The Illinois State Board of Elections at the behest of a state lawmaker is looking into the problems that plagued Tuesday’s primary.
State Rep. David McSweeney asked board Chairman Charles Scholz in a Thursday evening email for a close look at how the McHenry County Clerk’s Office handled the election.
“It’s important that the public has full confidence in the integrity of the election process. It’s also essential that training is improved to make sure that this never happens again,” said McSweeney, R-Barrington Hills.
Candidates, elected officials and voters have been demanding answers after an election day that they allege was plagued with issues from top to bottom. It was not until Thursday evening – almost 48 hours after polls closed and about the same time that McSweeney emailed his request – that all but late-mail ballots were tallied and some close races for state and local offices were decided.
Election board spokesman Jim Tenuto clarified that the agency has no subpoena power. What it can do, he said, is make inquiries, gather information and assist by making helpful recommendations.
“We don’t have authority to [investigate], but we would be glad to assist if anyone has concerns,” Tenuto said Friday morning.
An email to McSweeney from board General Counsel Ken Menzel stated that the agency already has begun to gather information and reach out to County Clerk Mary McClellan’s office.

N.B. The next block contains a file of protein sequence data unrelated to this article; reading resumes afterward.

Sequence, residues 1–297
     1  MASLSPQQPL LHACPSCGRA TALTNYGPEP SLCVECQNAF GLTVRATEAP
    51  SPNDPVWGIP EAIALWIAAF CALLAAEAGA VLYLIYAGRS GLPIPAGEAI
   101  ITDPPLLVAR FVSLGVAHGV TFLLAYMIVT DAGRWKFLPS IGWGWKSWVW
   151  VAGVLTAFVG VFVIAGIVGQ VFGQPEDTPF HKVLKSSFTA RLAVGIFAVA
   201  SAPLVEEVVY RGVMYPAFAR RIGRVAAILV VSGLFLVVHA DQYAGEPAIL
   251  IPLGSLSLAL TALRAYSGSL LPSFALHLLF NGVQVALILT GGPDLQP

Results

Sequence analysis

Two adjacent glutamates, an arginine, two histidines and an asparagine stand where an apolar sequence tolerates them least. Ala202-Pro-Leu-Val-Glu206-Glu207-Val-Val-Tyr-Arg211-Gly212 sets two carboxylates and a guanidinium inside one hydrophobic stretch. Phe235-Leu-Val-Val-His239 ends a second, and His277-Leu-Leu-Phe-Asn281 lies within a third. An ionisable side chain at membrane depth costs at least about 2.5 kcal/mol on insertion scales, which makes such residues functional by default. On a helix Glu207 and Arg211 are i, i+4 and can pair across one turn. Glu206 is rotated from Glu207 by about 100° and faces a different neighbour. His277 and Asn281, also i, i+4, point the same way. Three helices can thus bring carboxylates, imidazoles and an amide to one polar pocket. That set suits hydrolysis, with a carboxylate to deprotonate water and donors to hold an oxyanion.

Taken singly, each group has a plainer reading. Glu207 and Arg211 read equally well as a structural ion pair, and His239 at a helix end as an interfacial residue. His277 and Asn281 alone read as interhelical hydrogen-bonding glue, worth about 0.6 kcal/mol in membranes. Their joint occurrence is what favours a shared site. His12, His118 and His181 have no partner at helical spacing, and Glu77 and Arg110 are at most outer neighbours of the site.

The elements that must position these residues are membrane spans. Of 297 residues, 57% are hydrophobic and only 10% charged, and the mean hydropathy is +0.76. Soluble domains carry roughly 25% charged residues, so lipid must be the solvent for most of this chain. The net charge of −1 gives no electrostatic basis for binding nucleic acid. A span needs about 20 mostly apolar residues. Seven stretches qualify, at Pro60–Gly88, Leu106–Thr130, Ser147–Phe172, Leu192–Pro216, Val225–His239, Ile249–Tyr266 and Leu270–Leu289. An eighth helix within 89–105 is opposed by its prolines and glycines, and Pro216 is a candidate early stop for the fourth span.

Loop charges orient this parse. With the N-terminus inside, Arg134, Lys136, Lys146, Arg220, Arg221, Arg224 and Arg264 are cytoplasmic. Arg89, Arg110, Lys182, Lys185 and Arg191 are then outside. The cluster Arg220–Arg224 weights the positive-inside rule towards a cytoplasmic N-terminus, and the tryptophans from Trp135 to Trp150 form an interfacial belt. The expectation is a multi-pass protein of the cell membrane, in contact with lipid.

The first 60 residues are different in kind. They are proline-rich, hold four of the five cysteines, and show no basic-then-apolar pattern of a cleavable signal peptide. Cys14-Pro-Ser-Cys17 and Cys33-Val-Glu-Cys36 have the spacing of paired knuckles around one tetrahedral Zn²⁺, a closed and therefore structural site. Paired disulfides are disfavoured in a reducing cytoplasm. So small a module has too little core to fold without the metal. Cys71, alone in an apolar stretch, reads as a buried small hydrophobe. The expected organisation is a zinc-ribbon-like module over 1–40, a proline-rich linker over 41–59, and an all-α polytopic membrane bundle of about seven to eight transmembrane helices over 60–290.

“It will probably take some time to fully piece through exactly what happened,” Menzel wrote.
Problems started shortly after polls opened at 6 a.m. when some precincts turned away voters because the electronic poll books used to verify voter registration malfunctioned. McClellan got an emergency court order to keep the polls open another 90 minutes.
However, many precincts complained that they did not get informed of this, and that repeated attempts to contact McClellan's office failed – at least two precincts closed at 7 p.m. instead of 8:30 p.m. Precinct workers and judges complained of malfunctioning equipment, and voters complained that they were turned away, or had incomplete ballots.
McClellan in a Wednesday news release defended the integrity of the results and said that certain steps already are being taken to improve the process. She welcomed any review of her processes or Tuesday's events by the state election board.
McSweeney said he was more than happy to take her up on it, calling what happened “totally unacceptable.”
Whatever help the county receives is welcome, local leaders of both political parties said. McHenry County Republican Party Chairwoman Sandra Fay Salgado said the need for an outside look is not a “witch hunt,” but a need to make sure future elections run smoothly.
“Whatever comes out of this investigation, between [McClellan’s] office and the County Board, we can put things in place to make sure this doesn’t happen again. We want to be the best of the best in McHenry County, and in this case, we got an F,” Salgado said.
Democratic Party of McHenry County Chairman Michael Bissett also welcomed an examination by the state election board. He said the party several weeks before the primary had warned the Attorney General’s Office of potential problems such as lack of communication and training issues.
“We saw this coming a mile away,” Bissett said.